In an emphatic victory for the Modi government, the Supreme Court on Monday unanimously upheld its decision to abrogate Article 370 of the Constitution that bestowed special status upon the erstwhile state of Jammu and Kashmir, ordered restoration of statehood "at the earliest" and set a September 30, 2024, deadline for holding the assembly elections.
Settling the decades-long debate over the vexed constitutional provision, a five-judge Constitution bench headed by Chief Justice D Y Chandrachud delivered three concurring judgments upholding abrogation of Article 370 that provided a unique status to Jammu and Kashmir when it acceded to the Union of India in 1947.
The Supreme Court verdict is a "resounding declaration of hope, progress, unity for our sisters and brothers in J&K, Ladakh," Prime Minister Narendra Modi, who spearheaded the move as part of the ruling Bharatiya Janata Party’s long-standing promise, said.
Writing the judgment for himself and Justices B R Gavai and Surya Kant, CJI Chandrachud ruled that Article 370 was a temporary provision and the President of India was empowered to revoke it in the absence of the Constituent Assembly of the erstwhile state whose term expired in 1957.
"Article 370 of the Constitution read together with Article 1 leaves no manner of doubt that the integration of Jammu and Kashmir as a part of the nation, which in itself was a Union of States, was complete. Any interpretation of Article 370 cannot postulate that the integration of Jammu and Kashmir with India was temporary," the court held.
Justices Sanjay Kishan Kaul and Sanjiv Khanna penned separate but concurring verdicts on the issue.
The apex court also upheld the validity of the Union government's decision to carve out the Union territory of Ladakh from the erstwhile state of Jammu and Kashmir.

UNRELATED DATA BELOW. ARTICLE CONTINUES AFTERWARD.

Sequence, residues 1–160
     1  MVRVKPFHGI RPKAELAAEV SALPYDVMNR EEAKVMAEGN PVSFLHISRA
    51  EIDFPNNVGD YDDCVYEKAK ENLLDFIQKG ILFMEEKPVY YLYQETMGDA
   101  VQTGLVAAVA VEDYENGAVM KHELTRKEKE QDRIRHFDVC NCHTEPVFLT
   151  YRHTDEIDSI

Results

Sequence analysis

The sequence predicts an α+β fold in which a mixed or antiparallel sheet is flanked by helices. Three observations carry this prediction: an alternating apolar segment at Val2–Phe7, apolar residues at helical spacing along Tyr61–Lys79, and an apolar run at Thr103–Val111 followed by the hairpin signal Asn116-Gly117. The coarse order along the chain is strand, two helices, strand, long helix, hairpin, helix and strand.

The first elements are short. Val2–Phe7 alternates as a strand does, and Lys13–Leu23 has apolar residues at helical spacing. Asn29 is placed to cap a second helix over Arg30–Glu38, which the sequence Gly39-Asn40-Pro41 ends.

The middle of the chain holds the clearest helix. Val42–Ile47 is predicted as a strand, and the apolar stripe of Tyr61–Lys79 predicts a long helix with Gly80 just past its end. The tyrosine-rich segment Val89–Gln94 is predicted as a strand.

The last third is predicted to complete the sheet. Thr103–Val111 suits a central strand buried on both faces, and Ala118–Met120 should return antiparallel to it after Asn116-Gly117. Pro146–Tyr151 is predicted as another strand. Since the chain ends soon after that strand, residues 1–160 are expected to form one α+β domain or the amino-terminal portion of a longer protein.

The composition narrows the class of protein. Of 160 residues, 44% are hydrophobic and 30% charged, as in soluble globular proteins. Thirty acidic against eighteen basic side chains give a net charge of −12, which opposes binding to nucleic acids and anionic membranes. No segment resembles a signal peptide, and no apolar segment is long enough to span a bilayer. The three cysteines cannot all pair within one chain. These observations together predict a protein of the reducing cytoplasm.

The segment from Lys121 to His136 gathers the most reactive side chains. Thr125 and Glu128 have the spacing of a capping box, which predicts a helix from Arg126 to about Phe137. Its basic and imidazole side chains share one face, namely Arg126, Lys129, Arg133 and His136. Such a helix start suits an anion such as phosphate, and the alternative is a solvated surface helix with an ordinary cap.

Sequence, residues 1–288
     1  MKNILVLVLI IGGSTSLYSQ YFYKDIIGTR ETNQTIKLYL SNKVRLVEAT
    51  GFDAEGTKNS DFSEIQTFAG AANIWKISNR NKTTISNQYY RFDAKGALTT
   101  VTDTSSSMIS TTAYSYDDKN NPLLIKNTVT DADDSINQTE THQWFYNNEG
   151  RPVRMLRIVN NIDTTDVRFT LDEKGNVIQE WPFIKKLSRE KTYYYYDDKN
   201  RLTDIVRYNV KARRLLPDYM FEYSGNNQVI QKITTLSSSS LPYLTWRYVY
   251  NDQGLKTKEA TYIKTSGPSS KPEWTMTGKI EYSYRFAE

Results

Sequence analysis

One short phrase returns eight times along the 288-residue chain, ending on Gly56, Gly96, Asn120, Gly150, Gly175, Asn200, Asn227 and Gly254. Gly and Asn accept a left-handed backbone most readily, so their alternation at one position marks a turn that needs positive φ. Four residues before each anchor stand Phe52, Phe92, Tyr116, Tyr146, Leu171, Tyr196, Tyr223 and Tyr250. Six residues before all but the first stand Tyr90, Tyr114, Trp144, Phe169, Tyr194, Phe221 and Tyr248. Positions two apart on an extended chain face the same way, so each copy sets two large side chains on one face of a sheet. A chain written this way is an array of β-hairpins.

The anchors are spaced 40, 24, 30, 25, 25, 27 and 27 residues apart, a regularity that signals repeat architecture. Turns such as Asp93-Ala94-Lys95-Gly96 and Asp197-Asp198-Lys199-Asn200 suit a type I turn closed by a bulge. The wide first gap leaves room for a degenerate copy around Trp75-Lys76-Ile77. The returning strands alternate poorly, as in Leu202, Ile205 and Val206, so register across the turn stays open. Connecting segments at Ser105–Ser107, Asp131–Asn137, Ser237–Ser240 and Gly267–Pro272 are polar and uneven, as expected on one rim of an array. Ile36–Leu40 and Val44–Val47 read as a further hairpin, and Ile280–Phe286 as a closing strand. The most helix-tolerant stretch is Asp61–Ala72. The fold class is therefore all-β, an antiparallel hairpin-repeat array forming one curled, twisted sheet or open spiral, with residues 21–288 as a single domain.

CJI Chandrachud referred to Solicitor General Tushar Mehta's statement that Jammu and Kashmir's statehood will be restored, except for the carving out of the Union territory of Ladakh. While splitting the state into two Union territories, the government provided for legislative assembly only for the UT of Jammu and Kashmir.
"In view of the statement we do not find it necessary to determine whether the reorganisation of the state of Jammu and Kashmir into two Union territories of Ladakh and Jammu and Kashmir is permissible under Article 3.
"However, we uphold the validity of the decision to carve out the Union territory of Ladakh in view of Article 3(a) read with Explanation I which permits forming a Union territory by separation of a territory from any state," he said.
The bench dealt with the validity of the Constitution (Application to Jammu and Kashmir) Order (CO)-272 dated August 5, 2019, by which all provisions of the Constitution of India were applied to J-K and the word 'constituent assembly' in Article 370 (3) was modified to 'legislative assembly'.
"Article 370 cannot be amended by exercise of power under Article 370(1)(d)," the bench said, adding, "Paragraph 2 of CO 272 by which Article 370 was amended through Article 367 is ultra vires Article 370(1)(d) because it modifies Article 370, in effect, without following the procedure prescribed to modify Article 370. An interpretation clause cannot be used to bypass the procedure laid down for amendment."
The bench said recourse must have been taken to the procedure contemplated by Article 370(3) if Article 370 was to cease to operate or was to be amended or modified in its application to Jammu and Kashmir.
"The concurrence of the government of the state was not necessary for the President of India to exercise power under Article 370(1)(d) to apply all provisions of the Constitution to Jammu and Kashmir. The exercise of power by the President under Article 370(1)(d) to issue CO 272 is not mala fide. Thus, CO 272 is valid to the extent that it applies all the provisions of the Constitution of India to the State of Jammu and Kashmir," it said.
The top court upheld the validity of the CO 273 that abrogated Article 370, saying the declaration issued by the President is a culmination of the process of integration and as such is a valid exercise of power.
The CJI said the Constitution was a complete code for constitutional governance.
"The President had the power to issue a notification declaring that Article 370(3) ceases to operate without the recommendation of the Constituent Assembly. The continuous exercise of power under Article 370(1) by the President indicates that the gradual process of constitutional integration was ongoing," the CJI said in a 352-page verdict.